In March 1989, the Exxon Valdez oil tanker ran aground, causing 11 million gallons of crude oil to spill into Prince William Sound, adversely effecting 1,500 miles of Southcentral Alaska’s coastline. For 10th graders in Social Studies, there are many aspects to consider when grappling with the consequences of the spill, then the largest in U.S. waters. It devastated the sea life of the region, killing untold thousands of seabirds, otters, seals, and whales. The economy of Southcentral was disrupted, in many cases for years, as the livelihoods of fisherman from communities across Prince William Sound depended on the catch of salmon and herring. Further examinations may encompass the long-term scientific, environmental, socio-economic, emotional, financial, legal, and political impact of the spill.
A number of potential questions to pose:
- As a devastating human-caused environmental disaster, how did the Exxon Valdez oil spill affect the mythology of Alaska as a pristine wilderness?
- In what ways has the discourse changed, if at all, as a direct result of Exxon Valdez when discussing Big Oil, both within Alaska (as an oil beholden state), and the broader American public, particularly in light of the Deepwater Horizon oil spill of 2010?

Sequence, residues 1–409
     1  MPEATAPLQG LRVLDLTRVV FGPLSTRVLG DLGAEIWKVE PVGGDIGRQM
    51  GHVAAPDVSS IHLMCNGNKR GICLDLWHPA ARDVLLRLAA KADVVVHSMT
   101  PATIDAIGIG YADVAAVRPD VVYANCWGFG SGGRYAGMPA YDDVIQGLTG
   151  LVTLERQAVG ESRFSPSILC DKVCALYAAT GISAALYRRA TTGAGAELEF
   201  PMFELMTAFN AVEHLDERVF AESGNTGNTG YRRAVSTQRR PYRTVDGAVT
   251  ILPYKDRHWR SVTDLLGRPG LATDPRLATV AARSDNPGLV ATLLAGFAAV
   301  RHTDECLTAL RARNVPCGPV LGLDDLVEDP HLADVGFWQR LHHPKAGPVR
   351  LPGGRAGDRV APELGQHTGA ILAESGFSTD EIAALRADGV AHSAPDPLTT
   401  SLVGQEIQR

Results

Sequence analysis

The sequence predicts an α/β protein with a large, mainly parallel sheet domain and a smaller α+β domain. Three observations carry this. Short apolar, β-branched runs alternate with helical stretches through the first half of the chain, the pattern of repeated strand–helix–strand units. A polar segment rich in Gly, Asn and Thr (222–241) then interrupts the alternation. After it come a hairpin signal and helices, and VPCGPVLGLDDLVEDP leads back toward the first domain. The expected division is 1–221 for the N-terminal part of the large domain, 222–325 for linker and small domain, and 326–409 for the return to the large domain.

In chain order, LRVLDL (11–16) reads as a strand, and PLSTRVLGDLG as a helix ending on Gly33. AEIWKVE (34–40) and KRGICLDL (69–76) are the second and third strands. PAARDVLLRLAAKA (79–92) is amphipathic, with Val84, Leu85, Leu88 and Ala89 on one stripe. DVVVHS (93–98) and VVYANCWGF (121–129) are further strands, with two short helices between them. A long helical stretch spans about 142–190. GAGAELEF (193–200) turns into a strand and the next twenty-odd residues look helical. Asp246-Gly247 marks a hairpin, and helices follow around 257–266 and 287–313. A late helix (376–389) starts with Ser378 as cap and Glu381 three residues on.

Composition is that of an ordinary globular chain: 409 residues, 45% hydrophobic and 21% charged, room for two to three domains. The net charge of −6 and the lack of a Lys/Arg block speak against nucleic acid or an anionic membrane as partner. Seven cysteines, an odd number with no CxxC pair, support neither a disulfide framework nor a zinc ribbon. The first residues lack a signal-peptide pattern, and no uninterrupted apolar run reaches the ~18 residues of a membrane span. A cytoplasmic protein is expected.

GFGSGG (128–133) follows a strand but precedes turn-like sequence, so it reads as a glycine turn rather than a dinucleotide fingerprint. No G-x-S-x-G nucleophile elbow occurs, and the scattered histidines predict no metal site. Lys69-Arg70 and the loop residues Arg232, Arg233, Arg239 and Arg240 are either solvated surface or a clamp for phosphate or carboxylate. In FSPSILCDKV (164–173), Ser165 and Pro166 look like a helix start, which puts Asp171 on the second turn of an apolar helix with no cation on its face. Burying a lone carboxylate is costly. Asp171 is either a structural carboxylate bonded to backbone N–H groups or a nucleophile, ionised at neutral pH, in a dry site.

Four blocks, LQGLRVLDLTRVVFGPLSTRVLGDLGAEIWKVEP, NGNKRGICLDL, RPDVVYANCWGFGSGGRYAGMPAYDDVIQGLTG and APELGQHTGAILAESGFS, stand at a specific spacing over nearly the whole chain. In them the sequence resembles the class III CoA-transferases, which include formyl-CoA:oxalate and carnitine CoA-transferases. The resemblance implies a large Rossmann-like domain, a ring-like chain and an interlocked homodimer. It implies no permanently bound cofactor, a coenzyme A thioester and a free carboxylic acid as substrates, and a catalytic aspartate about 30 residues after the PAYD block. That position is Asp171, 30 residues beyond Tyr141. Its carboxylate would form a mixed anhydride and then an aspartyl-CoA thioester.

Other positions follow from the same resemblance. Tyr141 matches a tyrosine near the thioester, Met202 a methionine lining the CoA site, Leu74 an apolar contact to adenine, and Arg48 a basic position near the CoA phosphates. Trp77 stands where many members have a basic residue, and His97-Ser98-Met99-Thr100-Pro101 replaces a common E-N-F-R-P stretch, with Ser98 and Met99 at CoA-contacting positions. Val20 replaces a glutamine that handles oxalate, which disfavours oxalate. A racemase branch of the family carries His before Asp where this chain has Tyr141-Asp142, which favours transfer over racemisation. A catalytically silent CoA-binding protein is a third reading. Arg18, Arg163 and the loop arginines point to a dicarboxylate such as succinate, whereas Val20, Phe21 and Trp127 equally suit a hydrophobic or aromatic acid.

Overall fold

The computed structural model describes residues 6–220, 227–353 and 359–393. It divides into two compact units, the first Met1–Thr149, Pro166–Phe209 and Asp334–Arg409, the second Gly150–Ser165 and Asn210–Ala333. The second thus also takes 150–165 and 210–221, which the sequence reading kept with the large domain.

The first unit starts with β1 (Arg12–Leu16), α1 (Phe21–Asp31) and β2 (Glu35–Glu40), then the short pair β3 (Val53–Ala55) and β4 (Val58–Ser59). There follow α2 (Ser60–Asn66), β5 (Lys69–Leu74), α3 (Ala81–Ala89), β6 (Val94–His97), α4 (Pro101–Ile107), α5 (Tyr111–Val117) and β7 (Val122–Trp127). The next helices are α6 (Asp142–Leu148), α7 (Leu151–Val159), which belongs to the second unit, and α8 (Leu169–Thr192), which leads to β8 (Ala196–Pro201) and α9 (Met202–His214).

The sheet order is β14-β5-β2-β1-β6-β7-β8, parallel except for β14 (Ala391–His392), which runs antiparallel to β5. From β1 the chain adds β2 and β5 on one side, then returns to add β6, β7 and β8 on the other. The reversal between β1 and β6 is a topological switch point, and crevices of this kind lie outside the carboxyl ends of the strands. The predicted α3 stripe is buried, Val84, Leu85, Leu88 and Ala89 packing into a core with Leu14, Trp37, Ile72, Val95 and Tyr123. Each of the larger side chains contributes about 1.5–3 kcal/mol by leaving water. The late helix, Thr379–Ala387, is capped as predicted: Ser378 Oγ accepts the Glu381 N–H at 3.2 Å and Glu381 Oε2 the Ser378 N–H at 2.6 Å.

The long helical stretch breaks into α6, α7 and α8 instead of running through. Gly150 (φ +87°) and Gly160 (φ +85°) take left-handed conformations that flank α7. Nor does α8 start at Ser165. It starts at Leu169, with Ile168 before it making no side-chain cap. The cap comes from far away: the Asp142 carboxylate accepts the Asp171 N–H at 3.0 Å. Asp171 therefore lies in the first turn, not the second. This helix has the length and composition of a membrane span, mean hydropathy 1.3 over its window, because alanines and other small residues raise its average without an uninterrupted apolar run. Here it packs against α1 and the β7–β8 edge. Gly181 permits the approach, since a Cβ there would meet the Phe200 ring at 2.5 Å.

- How did governmental, business, and environmental agencies respond to Exxon Valdez, and in what ways have oil spill response procedures evolved?
- What is the current state of sea life in Prince William Sound?
- How have the commercial fisheries-salmon and herring, in particular, of Prince William Sound rebounded 27 years after Exxon Valdez?
- What was the response of the Native people of Southcentral Alaska to Exxon Valdez?
- Over the course of two 1-hour class periods, students will first be presented with the evidence on myriad aspects of the Exxon Valdez oil spill, its toll on both humans and the environment, with the purpose of holding a trial. Students will have the opportunity to advocate for the oil industry, the fisherman, the sea life, and Alaska Natives. Students are encouraged to do research on their own.
- On the second day, the trial commences.
I’m clearly not sure what to do with this trial idea. What would be the expected outcome other than, “Exxon is guilty?” Any other insights folks may have would be greatly appreciated.